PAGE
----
For homeless youth and their advocates, the fight for resources can be fierce. New York City has about 4,000 homeless youths — many of whom are lesbian, gay, bisexual or transgender — yet its government funds just 259 shelter beds. Waiting lists for these beds, particularly at centers that cater to young LGBT homeless people, are growing.
But on Monday, the Ali Forney Center, an organization that provides housing for gay homeless youths in New York, announced some good news for those seeking a shelter bed. The New York City Council and the Manhattan borough president designated $3.3 million to help renovate a city-owned building and transform it into a new 18-bed shelter.
The space will be named after former “Golden Girls” star Bea Arthur. Before her death in 2009, Arthur served as an icon for many gay people and left the Ali Forney Center $300,000 in her will. That year was the height of the recession, when the facility had been in danger of eliminating beds because it had fallen behind on rent, the center’s executive director Carl Siciliano recalled on Monday. And Arthur’s gift to the center prevented that.
Since many young gay people are forced to leave home after coming out to their parents, what Arthur’s support symbolizes is almost as important as the money, Siciliano said. “It’s wonderful for our young people, who have been so rejected, to know that someone as important as Bea Arthur supports them.”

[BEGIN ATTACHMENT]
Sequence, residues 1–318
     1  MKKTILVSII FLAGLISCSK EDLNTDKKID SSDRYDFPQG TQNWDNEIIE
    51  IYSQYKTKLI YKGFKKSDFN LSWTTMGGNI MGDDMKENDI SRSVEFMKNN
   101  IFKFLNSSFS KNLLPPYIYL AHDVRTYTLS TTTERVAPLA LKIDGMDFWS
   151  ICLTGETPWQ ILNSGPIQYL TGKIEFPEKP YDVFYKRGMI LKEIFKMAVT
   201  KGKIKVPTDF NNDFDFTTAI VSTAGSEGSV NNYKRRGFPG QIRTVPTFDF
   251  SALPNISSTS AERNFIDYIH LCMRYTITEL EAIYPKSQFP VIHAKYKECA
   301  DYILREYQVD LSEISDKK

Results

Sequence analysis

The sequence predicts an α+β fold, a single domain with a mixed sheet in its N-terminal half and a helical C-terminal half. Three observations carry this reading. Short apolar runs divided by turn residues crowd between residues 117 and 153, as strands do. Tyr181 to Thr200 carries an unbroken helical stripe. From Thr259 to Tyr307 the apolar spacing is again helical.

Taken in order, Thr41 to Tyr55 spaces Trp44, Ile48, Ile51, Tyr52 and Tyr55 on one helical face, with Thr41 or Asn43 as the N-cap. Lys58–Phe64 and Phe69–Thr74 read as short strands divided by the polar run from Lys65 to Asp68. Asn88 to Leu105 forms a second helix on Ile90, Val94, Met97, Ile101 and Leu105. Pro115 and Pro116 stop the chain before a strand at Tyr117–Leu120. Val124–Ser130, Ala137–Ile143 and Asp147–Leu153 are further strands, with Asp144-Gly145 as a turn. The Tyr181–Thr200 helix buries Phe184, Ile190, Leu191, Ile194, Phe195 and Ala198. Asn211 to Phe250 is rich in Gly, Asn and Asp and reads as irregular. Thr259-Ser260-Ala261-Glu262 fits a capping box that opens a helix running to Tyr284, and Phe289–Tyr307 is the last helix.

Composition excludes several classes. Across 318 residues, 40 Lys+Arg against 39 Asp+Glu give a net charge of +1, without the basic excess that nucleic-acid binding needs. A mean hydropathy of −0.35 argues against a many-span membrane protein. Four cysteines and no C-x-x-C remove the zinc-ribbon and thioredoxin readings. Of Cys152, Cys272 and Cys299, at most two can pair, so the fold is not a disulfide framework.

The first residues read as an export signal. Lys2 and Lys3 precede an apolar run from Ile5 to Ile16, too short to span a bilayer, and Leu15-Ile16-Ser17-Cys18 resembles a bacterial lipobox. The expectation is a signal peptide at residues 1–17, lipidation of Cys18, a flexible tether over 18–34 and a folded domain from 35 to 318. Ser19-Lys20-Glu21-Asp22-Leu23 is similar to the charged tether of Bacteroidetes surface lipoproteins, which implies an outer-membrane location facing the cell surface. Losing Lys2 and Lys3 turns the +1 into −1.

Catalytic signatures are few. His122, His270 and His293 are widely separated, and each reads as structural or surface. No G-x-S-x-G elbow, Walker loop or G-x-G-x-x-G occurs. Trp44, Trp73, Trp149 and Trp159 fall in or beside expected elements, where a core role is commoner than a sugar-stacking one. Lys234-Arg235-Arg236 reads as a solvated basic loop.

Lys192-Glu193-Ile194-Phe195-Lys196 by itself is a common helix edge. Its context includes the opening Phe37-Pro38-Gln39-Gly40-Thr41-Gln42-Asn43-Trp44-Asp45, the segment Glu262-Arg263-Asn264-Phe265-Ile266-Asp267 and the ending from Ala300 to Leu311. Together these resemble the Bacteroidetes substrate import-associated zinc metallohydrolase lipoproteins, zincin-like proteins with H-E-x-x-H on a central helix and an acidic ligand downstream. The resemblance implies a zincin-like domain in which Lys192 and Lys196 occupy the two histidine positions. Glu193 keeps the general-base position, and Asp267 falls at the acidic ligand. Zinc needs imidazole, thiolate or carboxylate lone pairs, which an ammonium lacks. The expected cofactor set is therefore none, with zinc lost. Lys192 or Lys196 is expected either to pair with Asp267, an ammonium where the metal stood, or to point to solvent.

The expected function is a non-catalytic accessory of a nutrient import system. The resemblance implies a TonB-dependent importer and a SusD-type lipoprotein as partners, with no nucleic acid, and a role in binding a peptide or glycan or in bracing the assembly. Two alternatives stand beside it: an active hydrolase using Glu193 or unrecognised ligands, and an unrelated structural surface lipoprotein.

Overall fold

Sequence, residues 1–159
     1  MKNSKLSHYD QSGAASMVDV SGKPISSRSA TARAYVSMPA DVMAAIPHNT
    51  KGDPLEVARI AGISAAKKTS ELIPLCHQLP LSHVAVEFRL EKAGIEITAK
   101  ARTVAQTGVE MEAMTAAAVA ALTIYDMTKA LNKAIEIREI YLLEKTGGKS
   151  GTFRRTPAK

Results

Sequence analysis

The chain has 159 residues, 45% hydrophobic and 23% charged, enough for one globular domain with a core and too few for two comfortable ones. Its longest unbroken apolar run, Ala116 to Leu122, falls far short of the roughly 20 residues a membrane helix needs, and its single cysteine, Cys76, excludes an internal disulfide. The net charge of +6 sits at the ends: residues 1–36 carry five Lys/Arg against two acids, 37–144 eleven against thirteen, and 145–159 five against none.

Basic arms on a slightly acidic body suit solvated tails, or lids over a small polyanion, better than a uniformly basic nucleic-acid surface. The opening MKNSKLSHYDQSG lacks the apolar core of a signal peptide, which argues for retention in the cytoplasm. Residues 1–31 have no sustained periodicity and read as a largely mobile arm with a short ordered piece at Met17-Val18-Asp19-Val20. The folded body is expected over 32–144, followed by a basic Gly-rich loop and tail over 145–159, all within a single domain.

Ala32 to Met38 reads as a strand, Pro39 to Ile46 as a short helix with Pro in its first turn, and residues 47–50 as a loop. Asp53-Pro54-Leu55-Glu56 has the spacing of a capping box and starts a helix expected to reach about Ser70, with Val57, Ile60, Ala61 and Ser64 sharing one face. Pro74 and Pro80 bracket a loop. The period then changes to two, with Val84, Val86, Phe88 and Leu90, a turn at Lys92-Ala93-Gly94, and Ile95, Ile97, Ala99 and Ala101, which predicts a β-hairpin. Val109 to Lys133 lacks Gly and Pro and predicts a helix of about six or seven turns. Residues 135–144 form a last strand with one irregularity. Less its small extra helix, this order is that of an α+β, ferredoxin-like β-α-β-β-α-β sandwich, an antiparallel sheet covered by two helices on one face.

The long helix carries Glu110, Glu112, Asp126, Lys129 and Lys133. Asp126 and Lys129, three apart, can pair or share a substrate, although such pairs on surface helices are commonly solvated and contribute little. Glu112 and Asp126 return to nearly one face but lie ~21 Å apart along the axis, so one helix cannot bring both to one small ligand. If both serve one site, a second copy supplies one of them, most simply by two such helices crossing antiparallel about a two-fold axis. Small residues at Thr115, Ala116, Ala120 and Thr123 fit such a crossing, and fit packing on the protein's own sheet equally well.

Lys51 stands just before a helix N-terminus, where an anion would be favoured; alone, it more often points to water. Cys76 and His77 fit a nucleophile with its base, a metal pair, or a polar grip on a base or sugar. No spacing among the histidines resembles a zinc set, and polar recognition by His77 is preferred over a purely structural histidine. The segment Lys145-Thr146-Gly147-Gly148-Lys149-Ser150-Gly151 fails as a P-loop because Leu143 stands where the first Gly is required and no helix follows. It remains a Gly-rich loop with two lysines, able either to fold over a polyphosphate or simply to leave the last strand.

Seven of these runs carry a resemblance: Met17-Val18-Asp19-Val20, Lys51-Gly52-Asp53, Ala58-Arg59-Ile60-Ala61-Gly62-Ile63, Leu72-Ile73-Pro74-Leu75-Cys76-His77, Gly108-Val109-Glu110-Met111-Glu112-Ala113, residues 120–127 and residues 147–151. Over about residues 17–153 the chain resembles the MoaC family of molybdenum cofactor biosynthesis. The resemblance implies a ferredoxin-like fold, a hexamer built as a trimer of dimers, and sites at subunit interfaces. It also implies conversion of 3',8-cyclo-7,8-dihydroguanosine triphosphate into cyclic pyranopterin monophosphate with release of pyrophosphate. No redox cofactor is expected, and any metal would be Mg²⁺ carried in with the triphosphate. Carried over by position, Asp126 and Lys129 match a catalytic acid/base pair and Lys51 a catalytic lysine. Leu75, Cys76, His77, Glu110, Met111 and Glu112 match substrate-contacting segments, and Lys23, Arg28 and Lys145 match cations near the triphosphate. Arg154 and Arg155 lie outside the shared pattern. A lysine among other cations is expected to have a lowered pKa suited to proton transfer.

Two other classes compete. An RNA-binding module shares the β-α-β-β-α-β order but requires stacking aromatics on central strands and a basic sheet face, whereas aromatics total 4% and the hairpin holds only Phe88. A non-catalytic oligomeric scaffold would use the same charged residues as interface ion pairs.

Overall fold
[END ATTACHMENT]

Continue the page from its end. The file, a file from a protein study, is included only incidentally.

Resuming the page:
Know Your Rights: LGBTQ Rights in New York’s Schools (by nycluclips)
This video was made by the youth of the Teen Activist Project (TAP) at the New York Civil Liberties Union in collaboration with Extraneous Noise, a video production company. TAP set out to create this video in an attempt to combat bullying and empower New York’s LGBTQ students to know their rights.
Lesbian, Gay, Bisexual, Transgender and Questioning (LGBTQ) youth often face harassment and discrimination simply for being who they are. Just the thought of entering the school doors can be a nightmare for many students.
But the law requires school administrators and teachers to:
Protect LGBTQ students from bullying and harassment.
Treat LGBTQ students fairly and equally.
Respect LGBTQ students’ free speech and free expression rights.
Respect LGBTQ students’ privacy rights.
Unfortunately, many school officials don’t know enough about how the law requires them to protect LGBTQ students. That’s why it’s so important for youth to educate themselves about their legal rights and what they can do if their school isn’t treating them or other students fairly.
TAP into your rights. Empower yourself and your friends. Pass it on!
If you have questions about your rights in New York’s schools, contact the NYCLU, www.nyclu.org.